Ana Salado talks women, development and cooperation. Speaking of morally-rewarding jobs, here is hers.
Madrid – Ana Salado does not have a regular job. As the Communication Manager of the non-profit Mujeres por África, her tasks go beyond having to keep up with the reporting of projects, receiving visitors, updating social media or covering news regularly. She is also a loyal brand ambassadress of the organization; using an expressive language as she speaks, full of hope and passion. “It all starts with awareness, then there comes the knowledge. Whenever you open a window, you realize there is a whole new world behind it yet to be discovered”, she says to describe the foundations of MXA.
The Madrid headquarters of this NGO tell stories through its tribal decorations. Their main goal is to be a transparent organization, keeping in constant touch with people, both in Spain and in African countries. “We are an organization for development, not a NGO dedicated to help. We promote development in Africa through women with medium and long-term projects”, she explains. The majority of them are implemented in Africa, monitored by a coordinator who travels to the region where the project is being implemented and who reports to Ana and the rest of the team. “We also have a few projects that only take place in Spain, as Africanas en España, providing coverage and support for those nearly 500,000 African women established in Spain and Ellas investigan, an initiative aimed at bringing scientist African women to Spain for a gap year”. This was launched in 2014 and works in association with six Spanish research institutes, being one of them Severo Ochoa.
The president and founder of MXA, former vice president María Teresa Fernández de la Vega, also plays a key role in the communication of these projects. Ana recalls her once saying, “African women have become my great cause to fight for”, and that is how it all started three years ago. “Most of her time is taken up by Mujeres por África”, explains Ana, “she also is State Advisor for the government but manages to remain active and involved. Most of her head and heart are put into our projects”.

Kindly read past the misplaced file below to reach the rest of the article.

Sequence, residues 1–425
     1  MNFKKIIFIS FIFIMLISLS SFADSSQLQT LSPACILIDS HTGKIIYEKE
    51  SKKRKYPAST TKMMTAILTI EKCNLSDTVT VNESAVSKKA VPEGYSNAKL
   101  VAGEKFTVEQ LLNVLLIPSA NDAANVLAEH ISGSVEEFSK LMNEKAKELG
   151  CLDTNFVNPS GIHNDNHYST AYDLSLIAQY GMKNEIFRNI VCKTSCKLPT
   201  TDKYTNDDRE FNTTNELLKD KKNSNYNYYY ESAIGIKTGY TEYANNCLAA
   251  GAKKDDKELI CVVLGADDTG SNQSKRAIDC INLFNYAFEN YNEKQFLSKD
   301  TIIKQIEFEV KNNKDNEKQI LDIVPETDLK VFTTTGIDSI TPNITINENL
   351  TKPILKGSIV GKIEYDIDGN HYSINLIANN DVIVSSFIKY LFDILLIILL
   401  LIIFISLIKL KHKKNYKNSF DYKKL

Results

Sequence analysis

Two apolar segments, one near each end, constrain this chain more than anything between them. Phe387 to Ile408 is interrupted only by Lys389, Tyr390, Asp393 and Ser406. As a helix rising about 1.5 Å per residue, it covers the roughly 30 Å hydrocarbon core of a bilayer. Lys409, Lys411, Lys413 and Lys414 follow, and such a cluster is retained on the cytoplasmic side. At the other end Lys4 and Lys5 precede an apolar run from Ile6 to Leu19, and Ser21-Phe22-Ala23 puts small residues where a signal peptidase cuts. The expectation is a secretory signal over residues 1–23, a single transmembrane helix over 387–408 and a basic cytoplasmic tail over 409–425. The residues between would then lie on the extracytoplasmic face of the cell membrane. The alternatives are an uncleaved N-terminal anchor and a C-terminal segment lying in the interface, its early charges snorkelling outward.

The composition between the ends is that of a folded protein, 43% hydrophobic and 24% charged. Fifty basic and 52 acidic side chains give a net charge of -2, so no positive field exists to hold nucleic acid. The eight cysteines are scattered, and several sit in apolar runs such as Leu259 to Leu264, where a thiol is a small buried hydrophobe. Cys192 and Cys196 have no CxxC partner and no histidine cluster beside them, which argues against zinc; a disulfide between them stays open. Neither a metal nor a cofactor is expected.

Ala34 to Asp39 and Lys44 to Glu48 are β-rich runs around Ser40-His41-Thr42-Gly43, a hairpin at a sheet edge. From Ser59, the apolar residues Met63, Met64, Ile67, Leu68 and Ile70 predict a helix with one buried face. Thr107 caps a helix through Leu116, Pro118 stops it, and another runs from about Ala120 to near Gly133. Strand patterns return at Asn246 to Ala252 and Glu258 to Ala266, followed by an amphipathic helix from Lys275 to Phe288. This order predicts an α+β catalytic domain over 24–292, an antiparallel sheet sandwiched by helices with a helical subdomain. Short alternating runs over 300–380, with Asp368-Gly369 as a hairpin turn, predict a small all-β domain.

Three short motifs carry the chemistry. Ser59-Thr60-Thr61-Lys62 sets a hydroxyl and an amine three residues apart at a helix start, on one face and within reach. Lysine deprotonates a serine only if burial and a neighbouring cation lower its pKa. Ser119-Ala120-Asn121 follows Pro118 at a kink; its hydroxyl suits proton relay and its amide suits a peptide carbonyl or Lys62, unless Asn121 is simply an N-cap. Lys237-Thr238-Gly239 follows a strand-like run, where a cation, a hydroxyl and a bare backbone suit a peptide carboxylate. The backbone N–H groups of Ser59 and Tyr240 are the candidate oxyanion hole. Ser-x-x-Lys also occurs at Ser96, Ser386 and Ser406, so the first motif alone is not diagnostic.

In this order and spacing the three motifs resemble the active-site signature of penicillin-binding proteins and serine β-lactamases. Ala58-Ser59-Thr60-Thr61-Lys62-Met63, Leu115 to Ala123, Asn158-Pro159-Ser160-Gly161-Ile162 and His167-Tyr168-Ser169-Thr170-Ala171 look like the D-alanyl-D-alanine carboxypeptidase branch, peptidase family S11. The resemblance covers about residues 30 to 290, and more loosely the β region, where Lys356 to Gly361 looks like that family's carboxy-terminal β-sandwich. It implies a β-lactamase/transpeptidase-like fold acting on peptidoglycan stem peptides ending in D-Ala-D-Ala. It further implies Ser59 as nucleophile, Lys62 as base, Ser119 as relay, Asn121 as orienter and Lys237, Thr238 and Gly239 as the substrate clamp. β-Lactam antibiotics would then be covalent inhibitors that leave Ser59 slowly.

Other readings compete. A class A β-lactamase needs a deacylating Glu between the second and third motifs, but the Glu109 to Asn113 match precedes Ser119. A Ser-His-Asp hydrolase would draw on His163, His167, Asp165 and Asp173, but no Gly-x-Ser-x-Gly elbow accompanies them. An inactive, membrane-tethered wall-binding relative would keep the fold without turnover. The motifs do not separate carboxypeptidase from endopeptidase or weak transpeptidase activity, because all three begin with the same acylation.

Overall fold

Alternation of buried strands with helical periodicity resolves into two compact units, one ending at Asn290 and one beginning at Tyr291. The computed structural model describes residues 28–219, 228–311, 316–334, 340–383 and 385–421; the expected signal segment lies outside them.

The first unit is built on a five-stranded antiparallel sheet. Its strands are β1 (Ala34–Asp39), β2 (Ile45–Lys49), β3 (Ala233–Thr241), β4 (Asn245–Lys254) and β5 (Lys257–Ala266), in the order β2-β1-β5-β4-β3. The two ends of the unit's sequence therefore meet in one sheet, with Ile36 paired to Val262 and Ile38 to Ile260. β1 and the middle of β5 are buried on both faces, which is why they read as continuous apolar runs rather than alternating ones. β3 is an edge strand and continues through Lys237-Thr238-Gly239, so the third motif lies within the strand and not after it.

Every single project MXA is engaged in is different, but they all share a common goal: empowering women. In order to achieve this, the collaboration of national governments and their knowledge about the implementation of projects is essential. Women have a leading role in Africa as peace agents, and MXA as well as national governments are well aware of it. They are instructed to include women into peace agreements. “Women have starred many peace movements,” says Ana, “their inclusion into governments for these arbitration purposes is slowly developing. Achieving peace is the beginning of everything when there is an armed conflict”. For the most of the Sub Saharan countries, there has been at least one armed conflict in the past 50 years, being women and children the main victims. As Ana tells, “in the case of women, they are used as war weapons by combatants as a strategy to consume the enemy. We must not forget that during war times, women are the only support the civil society has since men are for the most part incorporated into the battlefields.”
Women carry the weight of the household, and that is why they benefit from social services designed specifically for them. Some countries have ministries dedicated to women, which have ratified the Maputo Protocol for Women’s Rights. Ana believes those campaigns help to raise awareness within society. “It is admirable how women are conscious of their rights and capabilities of evolving and contributing to the economy.” Despite common knowledge, women in the African society are extremely aware of their rights, and they know they have to fight for their empowerment. The drawbacks of culture and traditions have a big effect on the evolution of mentality, but Ana is convinced that happens in every culture. “There are some amazing movements for women’s rights, such as the ones in Ghana or Kenya”. She explains that the one in Kenya unifies all women associations of the country, summing up to thirty thousand female activists. “Their influence is so high that it has led to constitutional changes in some occasions.”
Even though Mujeres por África does an outstanding job, there is a lot of work to be done, especially in terms of awareness. “The main thing people can do from home about our women is becoming interested in Africa.” Ana is convinced in Spain we have lived for many years turning our heads against the huge unknown that Africa is, so now it is time to approach them, stop the prejudices, and react. “Sometimes we forget some of our every day life needs are fulfilled by resources from this continent. If people want to help from home, Mujeres por África has a supporting branch called Amigos de la Fundación. Their role is merely as supporters, it does not imply contributing economically. “It is good feedback for us to know there are some people who support the cause, at no cost.”